Race bikes evolve constantly, so the tire manufacturers must race to catch up. Race tires evolve further, passing the race bikes, but eventually allow them to catch up and get back on track. And this motorcycle of life, goes around and around and around, like a dropped forged wheel.
The joy and fun of riding supermoto is something I personally love, but apparently this sentiment isn’t shared by most. It’s too bad, really. Supermoto offers all the fun of track riding for a fraction of the cost of taking your sportbike to a trackday. And if you’re a dirt guy, there’s even some of that, too. By their very nature, motocrossers are light, narrow, agile, and come packed with potent engines. Converting them into SuMos isn’t more than a wheel change, brake swap, and suspension tweak away, and yet the apparent demand is so small most OEMs – with the exception of Suzuki and its DR-Z400SM – haven’t taken notice.
For many, the thought of going to school has never been very exciting – I know I spent a large chunk of my youth counting down the days until school was over. But really, the reason many of us couldn’t wait to get leave the classroom was because the subjects were pretty boring. While we were physically in the classroom, our minds kept wandering to the one thing we’d rather be doing – riding motorcycles!
If you’re a fan of high-performance sportbikes, BMW’s new HP4 Race should be at or near the top of your must-ride list. This carbon-framed and -wheeled ultra-sportbike achieves new levels of what’s possible from a production superbike. Imagine about 200 horsepower in a bike weighing less than a Ninja 300!
A few days riding seven of the most powerful sportbikes available on public roadways without incurring a single speeding ticket is next to miraculous. Johnny Law, wildlife, tourists, and sharing hotel rooms with one another are only a few of the occupational hazards we navigated when conducting our 2017 Superbike Street Shootout. The street-centric comparison may be representative of the actual lives most of these motorcycles will lead in the real world, but for us it’s a necessary precursor to where we prefer to be and where these bikes should actually be ridden: the racetrack.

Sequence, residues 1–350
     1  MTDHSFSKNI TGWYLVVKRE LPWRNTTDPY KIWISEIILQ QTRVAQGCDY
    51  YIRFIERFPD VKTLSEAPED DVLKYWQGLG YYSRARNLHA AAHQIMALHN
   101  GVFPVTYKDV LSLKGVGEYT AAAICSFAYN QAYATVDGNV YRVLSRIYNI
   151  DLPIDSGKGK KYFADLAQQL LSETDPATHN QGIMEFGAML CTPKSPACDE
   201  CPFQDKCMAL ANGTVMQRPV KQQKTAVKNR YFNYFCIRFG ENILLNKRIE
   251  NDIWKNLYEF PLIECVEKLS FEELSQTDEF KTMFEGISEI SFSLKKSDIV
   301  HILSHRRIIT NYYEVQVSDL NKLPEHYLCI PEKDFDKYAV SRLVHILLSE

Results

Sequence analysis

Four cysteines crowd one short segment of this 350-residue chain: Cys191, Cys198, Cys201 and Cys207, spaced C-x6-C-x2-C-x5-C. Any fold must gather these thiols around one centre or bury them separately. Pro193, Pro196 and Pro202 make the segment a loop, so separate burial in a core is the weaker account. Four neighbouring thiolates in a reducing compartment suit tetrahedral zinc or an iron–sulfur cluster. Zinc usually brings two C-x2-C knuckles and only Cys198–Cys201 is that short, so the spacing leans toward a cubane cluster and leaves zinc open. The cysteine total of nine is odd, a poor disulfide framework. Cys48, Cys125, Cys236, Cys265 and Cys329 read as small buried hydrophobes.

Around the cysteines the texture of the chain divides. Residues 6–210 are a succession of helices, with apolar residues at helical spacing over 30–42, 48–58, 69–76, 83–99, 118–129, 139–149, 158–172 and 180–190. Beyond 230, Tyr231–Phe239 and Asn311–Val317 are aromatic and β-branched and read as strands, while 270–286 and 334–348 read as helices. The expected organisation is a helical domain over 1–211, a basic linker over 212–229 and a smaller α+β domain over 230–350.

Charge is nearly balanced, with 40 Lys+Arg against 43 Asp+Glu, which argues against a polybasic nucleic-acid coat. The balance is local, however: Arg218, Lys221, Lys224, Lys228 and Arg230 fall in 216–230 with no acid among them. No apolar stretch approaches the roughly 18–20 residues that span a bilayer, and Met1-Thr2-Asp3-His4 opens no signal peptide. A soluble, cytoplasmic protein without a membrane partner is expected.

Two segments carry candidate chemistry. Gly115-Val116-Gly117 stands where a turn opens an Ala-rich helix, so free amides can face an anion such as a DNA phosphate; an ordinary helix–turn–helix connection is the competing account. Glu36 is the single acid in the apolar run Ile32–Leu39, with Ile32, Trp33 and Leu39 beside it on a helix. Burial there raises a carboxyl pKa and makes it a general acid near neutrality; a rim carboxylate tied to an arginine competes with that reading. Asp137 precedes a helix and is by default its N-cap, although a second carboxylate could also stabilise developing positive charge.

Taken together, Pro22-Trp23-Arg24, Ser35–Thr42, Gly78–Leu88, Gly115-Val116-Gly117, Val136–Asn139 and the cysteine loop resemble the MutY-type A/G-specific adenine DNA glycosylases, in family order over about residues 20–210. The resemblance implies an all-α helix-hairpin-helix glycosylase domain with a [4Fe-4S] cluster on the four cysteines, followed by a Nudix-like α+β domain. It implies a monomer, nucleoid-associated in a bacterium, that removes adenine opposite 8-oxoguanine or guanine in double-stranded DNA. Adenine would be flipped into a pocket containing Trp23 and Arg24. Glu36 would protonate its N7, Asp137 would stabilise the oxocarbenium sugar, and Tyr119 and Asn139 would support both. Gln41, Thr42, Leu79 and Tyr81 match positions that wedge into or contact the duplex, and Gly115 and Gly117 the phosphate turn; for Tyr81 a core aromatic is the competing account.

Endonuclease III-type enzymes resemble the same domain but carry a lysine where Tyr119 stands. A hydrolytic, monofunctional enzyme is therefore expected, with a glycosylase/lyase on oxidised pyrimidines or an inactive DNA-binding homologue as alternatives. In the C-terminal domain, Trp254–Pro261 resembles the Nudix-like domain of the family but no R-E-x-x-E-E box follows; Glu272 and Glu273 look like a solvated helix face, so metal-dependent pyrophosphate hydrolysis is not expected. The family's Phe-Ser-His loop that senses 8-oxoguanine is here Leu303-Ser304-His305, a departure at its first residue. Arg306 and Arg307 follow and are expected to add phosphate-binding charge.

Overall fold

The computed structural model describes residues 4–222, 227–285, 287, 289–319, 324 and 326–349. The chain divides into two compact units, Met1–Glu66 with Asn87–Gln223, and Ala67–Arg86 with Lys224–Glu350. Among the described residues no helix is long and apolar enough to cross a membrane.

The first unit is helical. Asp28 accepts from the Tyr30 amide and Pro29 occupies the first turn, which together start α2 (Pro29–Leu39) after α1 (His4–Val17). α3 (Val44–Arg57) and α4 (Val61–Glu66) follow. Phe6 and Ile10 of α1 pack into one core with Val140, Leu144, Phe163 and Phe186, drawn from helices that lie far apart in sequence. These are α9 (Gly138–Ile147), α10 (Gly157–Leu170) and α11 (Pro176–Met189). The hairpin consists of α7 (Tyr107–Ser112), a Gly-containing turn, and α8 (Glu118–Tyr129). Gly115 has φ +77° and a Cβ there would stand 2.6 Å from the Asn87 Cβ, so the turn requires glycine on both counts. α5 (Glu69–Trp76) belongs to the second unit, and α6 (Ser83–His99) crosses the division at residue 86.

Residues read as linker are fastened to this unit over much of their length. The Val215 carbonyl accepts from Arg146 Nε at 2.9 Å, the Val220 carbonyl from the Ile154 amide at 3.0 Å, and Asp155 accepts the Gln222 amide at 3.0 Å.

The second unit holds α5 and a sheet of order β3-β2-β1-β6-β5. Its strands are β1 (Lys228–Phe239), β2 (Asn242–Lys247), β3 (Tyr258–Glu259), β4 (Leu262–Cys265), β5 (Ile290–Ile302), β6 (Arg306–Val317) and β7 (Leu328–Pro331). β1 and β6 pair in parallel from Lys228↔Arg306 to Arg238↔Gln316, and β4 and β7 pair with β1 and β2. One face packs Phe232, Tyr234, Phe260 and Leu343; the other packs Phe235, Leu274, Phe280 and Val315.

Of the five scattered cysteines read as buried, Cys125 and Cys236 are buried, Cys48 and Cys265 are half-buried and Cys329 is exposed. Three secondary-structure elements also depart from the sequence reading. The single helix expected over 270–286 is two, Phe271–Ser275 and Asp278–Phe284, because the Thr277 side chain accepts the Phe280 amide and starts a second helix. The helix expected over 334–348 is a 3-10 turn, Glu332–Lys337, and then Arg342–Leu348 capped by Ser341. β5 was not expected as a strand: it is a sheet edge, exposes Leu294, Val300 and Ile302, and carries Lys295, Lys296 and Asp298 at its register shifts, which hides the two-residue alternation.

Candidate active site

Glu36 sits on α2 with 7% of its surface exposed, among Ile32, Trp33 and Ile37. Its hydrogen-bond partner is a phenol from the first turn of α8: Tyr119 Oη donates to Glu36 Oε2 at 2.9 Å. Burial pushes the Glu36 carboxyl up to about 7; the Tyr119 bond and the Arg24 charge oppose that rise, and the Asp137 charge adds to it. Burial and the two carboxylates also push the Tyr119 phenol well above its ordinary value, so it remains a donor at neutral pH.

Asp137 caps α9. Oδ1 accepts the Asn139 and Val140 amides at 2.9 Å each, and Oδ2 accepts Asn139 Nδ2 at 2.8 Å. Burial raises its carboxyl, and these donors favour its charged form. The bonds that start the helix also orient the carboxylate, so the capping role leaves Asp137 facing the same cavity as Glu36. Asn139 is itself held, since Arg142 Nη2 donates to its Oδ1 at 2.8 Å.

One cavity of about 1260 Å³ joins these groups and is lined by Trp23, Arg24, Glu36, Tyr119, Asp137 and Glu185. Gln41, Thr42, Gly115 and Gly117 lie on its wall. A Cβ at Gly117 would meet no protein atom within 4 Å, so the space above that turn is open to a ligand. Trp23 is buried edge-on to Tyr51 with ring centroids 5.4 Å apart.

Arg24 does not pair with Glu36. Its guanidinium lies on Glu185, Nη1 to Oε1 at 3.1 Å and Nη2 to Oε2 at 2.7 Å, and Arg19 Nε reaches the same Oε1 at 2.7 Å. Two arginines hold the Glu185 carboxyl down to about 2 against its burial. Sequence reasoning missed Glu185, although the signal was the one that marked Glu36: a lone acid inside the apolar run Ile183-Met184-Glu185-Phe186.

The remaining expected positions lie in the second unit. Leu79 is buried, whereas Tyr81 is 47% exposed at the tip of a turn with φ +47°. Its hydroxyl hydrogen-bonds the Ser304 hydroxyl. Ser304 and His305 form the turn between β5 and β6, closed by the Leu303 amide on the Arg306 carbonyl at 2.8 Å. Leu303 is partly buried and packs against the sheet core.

The chance to ride a real-deal 250 Grand Prix World Championship bike is the stuff dreams are made of. I grew up obsessed by 250GP racing. In my teens, in the 1990s I knew every rider, every race number, had the posters on my bedroom wall and all of the races taped on videotape! As soon as I got my Learners, I was on the road on an old RZ250FN, followed by a few TZR250s before I started roadracing on RGV250s in 1995. Even my RGV racebike was painted the same colors as the Ralf Waldman HB 250. Riding the RGV proddie, I dreamed of one day being a 250 GP rider.
With Fastrack Riders Academy entering its third year, Fastrack has again decided to enlarge its offerings beyond those of an organization that merely does track days. Since many riders don’t have the months required to participate in the Academy, Fastrack Riders University (FRU) offers many of the same lessons and teaching techniques in an à la carte format that is led by former racer Eric Bostrom.
We all know what school self-taught motorcyclists end up attending: The School of Really Hard Knocks. Really hard. Since we think that MO readers are somewhat more intelligent and skillful than your garden variety motorcyclist, we thought we’d ask about your level of moto-education. What categories of riding schools have you attended? Have you stayed with street only, or maybe dirt only. Did you move up to performance riding? Perhaps even racing?
In 2015 I wrote a column about how Sportbikes Are Terrible. In short, I felt (and still do) that production sportbikes have become so focused on the racetrack that riding them on the street anywhere other than a curvy road is borderline torture. Take either of the Ducati Panigale variants, for example. Rolling works of art, on a track they are some of the most fun you can have on two wheels. But would I want to ride one a few hours to the track, do a trackday, then ride home?
Just in time for the holidays, Aprilia has announced it will be making its most advanced version of the RSV4 – the RSV4 R FW-GP – available to a select few (read: the uber-wealthy). In continuing with the Factory Works program Aprilia Racing launched last year to provide deep-pocketed customers with race-worthy RSV4s in both Superstock and Superbike trims to conform to national and international race organizations, the FW-GP represents the ultimate in Aprilia Racing technology that’s currently available to the public.
Companies that go racing love to promote how the lessons learned at the racetrack trickle down to the products we use on the street. Besides being great marketing fodder, the idea behind racing is to develop products that will benefit the everyday consumer. We generally think of sportbikes (and liter-class sportbikes in particular) as being direct translations of racetrack development trickling down to production models, but we sometimes forget about the only part of the motorcycle in continuous contact with the road: its tires.